The press in Dubai - and, by extension, advertising creativity - is relatively free. But self-censorship, rather than overt government intervention, tends to be the key issue. Anything that might offend cultural sensitivities is generally judged out of bounds. Questioning or poking fun at the country's leadership is certainly out.

But Dubai offers far more freedom than neighbouring Saudi. The youth daily newspaper Shams was recently suspended after publishing some of the controversial cartoons of the Prophet Muhammad, albeit as part of an editorial attacking the Danish newspaper that first ran them. It was an issue that was to have a direct impact on other parts of the region.

When protesters firebombed the Danish embassy in Beirut, they also burned out the offices of Team Y&R, Intermarkets and Mediaedge.

Yet even the most conservative of Arab consumers is changing fast because of the influence of youth. Nearly 60 per cent of Saudi Arabia's population of 25 million are aged under 25.

Jac Asmar, the managing director of MindShare Arabia, says: "The consumer is changing because of the age of the population and it is noticeable. The boys have nothing to do; the girls are frustrated because they cannot do anything on their own. You see more and more Saudi women without their abaya, and more and more Saudi boys outside national dress."

Another major factor in speeding the change is the massive growth in satellite TV. Pan-Arab networks such as the Dubai-based MBC primarily target the large Saudi audience. Offering everything from Oprah to The Simpsons (redubbed Al Shamshouns), the stations have given consumers a strong taste for Western culture.

The same goes for oil-rich Kuwait, where adspend grew by an estimated 14 per cent to $435 million, according to Parc. In Kuwait's case, the biggest factor in opening consumers' minds to the West was its 1990 invasion by Iraq, and its "liberation" the following year.

According to Said Zeineddine, the general manager of Horizon.FCB's Kuwait office: "Things have changed since the invasion. They became exposed to other influences. Because of satellite TV, you cannot really control what they watch and what they see. Even the people who did not go away became friends with Western culture. They are grateful and they say loudly they are not ashamed of it. It's not shameful any more to dress in jeans."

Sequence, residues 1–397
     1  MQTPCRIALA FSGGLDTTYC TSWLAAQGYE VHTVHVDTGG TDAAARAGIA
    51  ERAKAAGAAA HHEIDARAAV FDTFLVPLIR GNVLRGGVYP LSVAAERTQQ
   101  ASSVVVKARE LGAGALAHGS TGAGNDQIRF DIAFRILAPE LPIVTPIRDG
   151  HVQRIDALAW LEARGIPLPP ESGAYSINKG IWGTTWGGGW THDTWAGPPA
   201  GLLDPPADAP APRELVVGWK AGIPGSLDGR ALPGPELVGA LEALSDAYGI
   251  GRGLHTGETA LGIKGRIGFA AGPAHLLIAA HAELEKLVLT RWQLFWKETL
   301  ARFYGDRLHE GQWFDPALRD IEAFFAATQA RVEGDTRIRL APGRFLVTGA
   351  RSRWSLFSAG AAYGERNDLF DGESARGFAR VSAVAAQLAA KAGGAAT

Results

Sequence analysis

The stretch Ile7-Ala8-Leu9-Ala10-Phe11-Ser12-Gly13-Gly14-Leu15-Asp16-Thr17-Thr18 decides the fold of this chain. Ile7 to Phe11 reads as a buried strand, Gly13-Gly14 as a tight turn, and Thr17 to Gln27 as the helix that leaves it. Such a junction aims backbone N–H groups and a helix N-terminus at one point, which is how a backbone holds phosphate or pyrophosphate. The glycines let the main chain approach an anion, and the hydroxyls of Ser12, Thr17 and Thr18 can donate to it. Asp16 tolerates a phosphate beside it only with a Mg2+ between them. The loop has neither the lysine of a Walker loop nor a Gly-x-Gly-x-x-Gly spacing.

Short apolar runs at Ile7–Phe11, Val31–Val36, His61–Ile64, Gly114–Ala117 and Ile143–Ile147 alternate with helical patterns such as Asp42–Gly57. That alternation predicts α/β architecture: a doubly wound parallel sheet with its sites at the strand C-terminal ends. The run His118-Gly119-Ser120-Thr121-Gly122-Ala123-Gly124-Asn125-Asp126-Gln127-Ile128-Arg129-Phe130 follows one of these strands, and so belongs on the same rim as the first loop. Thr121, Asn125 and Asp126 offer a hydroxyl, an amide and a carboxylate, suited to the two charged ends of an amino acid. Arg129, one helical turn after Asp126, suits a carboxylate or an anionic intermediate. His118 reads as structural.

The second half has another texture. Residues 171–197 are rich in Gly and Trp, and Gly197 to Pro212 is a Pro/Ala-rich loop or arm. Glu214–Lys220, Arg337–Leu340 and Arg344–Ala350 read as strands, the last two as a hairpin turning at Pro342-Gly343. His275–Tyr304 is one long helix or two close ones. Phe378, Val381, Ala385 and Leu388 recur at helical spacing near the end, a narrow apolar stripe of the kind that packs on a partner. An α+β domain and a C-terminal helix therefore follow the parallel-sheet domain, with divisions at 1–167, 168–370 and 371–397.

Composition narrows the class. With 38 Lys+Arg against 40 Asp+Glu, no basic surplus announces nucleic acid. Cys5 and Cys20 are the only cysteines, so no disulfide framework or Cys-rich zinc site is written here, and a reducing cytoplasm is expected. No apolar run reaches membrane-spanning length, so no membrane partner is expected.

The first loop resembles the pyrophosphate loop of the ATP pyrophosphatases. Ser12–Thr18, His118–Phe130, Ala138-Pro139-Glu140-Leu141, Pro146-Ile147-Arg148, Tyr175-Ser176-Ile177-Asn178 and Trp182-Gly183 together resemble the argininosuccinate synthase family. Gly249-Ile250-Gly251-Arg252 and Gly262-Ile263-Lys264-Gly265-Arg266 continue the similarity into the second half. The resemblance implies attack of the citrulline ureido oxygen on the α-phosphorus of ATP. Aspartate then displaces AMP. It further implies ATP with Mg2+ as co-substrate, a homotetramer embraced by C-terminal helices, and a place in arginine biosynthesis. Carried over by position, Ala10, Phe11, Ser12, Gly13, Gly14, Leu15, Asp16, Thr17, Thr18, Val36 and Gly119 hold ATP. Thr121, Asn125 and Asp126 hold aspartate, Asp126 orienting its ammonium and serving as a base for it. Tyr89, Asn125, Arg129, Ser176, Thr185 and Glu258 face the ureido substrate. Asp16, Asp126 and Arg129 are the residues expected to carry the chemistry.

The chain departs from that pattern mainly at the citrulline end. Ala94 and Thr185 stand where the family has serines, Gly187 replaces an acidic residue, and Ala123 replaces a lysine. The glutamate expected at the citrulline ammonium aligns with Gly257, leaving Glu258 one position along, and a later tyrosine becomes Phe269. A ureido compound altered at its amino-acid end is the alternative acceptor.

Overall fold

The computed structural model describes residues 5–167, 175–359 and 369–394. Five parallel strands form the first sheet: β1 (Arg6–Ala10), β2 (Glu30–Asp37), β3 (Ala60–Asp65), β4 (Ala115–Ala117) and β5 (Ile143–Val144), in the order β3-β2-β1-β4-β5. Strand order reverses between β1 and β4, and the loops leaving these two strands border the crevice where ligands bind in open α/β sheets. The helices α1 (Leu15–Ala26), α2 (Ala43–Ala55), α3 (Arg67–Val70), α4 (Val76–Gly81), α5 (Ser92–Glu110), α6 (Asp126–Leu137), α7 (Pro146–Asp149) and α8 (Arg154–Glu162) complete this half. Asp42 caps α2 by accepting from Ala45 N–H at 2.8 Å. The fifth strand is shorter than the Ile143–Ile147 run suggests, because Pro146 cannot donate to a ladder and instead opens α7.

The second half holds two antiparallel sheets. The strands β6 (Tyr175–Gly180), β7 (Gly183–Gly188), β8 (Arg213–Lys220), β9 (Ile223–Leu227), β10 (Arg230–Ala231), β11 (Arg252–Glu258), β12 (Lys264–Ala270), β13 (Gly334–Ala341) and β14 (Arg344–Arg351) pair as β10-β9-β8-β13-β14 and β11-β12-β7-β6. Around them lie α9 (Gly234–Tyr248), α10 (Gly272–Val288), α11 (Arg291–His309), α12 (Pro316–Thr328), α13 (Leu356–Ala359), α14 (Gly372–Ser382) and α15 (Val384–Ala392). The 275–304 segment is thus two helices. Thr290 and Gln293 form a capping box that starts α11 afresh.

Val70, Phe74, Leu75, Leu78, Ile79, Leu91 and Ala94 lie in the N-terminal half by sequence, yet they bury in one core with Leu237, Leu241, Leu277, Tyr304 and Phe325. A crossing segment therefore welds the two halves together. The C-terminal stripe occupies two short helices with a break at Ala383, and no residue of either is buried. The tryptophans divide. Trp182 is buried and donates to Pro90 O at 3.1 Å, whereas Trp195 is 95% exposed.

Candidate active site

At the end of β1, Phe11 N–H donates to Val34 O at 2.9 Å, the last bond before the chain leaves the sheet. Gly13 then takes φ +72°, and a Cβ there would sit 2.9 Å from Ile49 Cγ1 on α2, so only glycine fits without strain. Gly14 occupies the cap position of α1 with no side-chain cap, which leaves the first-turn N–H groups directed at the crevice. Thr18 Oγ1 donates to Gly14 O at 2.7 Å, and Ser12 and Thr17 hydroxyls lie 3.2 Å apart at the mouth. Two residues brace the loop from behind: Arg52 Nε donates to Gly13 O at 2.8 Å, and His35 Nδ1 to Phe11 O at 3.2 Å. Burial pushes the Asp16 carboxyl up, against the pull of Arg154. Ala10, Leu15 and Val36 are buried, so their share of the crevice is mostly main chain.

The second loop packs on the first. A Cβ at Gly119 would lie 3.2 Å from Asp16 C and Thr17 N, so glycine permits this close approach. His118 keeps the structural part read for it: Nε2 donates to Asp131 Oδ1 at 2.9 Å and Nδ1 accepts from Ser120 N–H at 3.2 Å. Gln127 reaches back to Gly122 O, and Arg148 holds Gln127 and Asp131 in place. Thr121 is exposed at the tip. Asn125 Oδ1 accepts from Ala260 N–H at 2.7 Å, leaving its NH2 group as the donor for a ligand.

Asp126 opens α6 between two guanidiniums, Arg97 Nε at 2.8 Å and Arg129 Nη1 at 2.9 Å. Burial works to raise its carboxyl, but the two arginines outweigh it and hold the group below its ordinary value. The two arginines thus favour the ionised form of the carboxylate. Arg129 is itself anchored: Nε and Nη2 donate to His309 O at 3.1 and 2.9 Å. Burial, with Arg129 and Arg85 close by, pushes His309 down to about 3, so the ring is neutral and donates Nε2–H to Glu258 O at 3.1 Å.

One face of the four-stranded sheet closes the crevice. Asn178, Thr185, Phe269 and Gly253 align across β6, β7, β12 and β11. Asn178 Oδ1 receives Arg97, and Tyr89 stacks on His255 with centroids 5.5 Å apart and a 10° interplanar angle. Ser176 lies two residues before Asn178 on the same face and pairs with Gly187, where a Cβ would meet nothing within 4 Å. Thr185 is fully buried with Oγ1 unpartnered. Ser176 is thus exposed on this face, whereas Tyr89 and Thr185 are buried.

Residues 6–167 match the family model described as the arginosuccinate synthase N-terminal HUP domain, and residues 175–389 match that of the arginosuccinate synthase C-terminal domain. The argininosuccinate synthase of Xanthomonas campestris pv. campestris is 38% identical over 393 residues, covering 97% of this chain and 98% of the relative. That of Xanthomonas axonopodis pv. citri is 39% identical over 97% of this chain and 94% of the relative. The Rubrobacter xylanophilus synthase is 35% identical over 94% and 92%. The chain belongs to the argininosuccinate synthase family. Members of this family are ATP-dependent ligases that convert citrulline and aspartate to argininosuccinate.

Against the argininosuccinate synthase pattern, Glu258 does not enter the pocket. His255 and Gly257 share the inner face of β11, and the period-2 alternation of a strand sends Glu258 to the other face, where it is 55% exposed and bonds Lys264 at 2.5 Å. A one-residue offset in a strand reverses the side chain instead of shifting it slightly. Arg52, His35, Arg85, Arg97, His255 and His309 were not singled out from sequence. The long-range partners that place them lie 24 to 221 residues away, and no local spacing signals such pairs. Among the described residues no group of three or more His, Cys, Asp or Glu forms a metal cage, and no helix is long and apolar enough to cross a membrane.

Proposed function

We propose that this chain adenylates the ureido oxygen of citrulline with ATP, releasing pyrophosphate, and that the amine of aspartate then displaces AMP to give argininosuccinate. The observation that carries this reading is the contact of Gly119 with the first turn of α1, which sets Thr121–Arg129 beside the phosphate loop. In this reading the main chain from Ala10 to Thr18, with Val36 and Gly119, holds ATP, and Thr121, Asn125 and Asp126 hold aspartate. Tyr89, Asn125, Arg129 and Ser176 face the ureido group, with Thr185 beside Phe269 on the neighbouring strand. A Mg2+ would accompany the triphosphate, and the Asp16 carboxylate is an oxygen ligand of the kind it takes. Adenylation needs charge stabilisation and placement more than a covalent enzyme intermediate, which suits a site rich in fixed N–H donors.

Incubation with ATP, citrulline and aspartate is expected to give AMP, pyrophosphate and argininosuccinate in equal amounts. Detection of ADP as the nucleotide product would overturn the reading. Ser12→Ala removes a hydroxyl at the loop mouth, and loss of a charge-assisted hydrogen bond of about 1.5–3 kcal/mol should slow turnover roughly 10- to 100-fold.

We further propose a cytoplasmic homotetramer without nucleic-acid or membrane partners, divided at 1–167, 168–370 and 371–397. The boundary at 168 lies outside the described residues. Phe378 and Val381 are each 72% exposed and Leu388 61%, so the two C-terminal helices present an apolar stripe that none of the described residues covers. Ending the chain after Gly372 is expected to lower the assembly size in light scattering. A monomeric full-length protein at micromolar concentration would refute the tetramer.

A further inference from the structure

However, Kuwait's advertising market's growth has not tended to match the boom of the rest of the country's economy - mainly because agencies have not yet managed to persuade companies of the value of advertising.

Matthew Dezzani, the general manager of Bates PanGulf, says: "There are two types of clients: those who absolutely understand the role marketing plays in the brand matrix, and those who don't fully understand what marketing is. But there's been a trader mentality in the Gulf for hundreds of years and people like me are not going to change that in five years. All the creativity is geared towards selling."

Nawaf Jaber, the general manager of the local agency Graffiti Marketing Communications, also believes the market is struggling to get clients to pay a fair price. He says: "The clients in Kuwait are demanding on service and quality, but don't like to pay for this."

It is the same issue in Egypt. Wadih Massaad, the managing director of Grey Worldwide's Cairo operation, says: "A lot of local clients still only want sales-generating campaigns. They want to see the money as soon as possible. It's still tough to persuade clients of the purpose of brand-building."

But not as tough as in Yemen, where many potential clients simply do not understand what advertising is for. Mohammed Bin Humaid, the general manager of the Sana'a-based Bin Humaid For Advertising & Marketing, says: "People used to think advertising was free. They couldn't see it's the gateway to business improvement."

Most agency bosses believe even greater potential lies elsewhere within the region, and at its borders. Stability in Iraq will bring a landgrab from agencies eager to be first to target its 27 million inhabitants.

Many agencies are also looking east towards Persia and the massive Iranian population. And in North Africa, beyond Egypt, the likes of Algeria, Tunisia and even Libya also hold promise.

Samir Ayoub, the chief executive for MindShare in the Middle East and North Africa, says: "Iraq is potentially a very promising market." Which is clear from the media owners already racing in. The Beirut-based outdoor company Pikasso is one of a number of companies already invested heavily in Jordan and Iraq.

Completing the optimistic picture for the Middle East is Qatar, which saw something like 28 per cent advertising growth last year. As the home of Al Jazeera, which is about to launch an international English-language news service (page 31), and the host of the Asian Games later in the year, there is a huge amount happening in the relatively small country, which has one of the world's largest GDPs per capita.

Anthony Ryman, the managing director of the Doha-based agency Grow, says: "Qatar is the fastest-growing economy in the world. It's going to be the richest country on Earth within two years."

With all those wealthy consumers, it is no surprise that Sorrell is bullish about the Middle East.

COUNTRY 2004 (dollars m) 2005 (dollars m) % growth
UAE 634 904 43
Saudi Arabia 699 891 27
Egypt 445 570 28
Kuwait 382 435 14
Lebanon 276 267 -4
Bahrain 116 103 -12
Qatar 93 119 5
Jordan 76 108 42
Oman 72 103 44
All Arab markets 4,619 5,416 17
Table based on estimates from Pan-Arab Research Center.